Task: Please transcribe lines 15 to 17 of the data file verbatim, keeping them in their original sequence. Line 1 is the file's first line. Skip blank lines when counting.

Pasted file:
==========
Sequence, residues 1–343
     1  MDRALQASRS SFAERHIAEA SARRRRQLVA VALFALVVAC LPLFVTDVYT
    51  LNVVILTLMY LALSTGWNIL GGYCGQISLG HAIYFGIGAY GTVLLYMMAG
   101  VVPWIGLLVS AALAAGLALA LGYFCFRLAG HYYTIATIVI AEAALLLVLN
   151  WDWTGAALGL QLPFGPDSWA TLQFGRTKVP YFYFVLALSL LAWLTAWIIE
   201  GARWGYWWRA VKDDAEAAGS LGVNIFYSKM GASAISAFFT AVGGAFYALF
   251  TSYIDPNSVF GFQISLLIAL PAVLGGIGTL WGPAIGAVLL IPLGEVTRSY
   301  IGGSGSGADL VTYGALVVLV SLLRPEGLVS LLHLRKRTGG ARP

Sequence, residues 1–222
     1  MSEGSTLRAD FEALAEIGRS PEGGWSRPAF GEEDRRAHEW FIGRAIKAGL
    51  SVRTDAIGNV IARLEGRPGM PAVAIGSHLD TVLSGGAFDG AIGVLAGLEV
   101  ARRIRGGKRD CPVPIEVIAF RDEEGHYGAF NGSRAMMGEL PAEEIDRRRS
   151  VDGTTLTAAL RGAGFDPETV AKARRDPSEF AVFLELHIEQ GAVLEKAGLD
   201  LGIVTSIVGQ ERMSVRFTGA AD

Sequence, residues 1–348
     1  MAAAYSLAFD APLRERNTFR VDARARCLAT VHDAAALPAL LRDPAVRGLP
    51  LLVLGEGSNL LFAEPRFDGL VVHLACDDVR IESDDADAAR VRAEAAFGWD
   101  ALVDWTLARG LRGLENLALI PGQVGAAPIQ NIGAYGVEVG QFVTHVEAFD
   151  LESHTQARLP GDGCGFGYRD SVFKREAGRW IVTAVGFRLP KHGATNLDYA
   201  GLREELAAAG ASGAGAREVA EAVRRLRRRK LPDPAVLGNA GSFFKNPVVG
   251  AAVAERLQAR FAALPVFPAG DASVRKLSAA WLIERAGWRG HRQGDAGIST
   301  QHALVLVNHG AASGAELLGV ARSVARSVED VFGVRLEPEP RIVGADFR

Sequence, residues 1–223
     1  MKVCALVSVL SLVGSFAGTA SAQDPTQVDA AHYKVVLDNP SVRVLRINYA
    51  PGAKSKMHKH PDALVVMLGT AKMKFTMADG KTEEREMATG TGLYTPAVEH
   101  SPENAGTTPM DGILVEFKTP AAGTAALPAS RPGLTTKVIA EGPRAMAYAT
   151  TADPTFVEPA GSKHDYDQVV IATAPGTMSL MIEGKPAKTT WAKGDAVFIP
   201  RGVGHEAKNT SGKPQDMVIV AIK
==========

Sequence, residues 1–348
     1  MAAAYSLAFD APLRERNTFR VDARARCLAT VHDAAALPAL LRDPAVRGLP
    51  LLVLGEGSNL LFAEPRFDGL VVHLACDDVR IESDDADAAR VRAEAAFGWD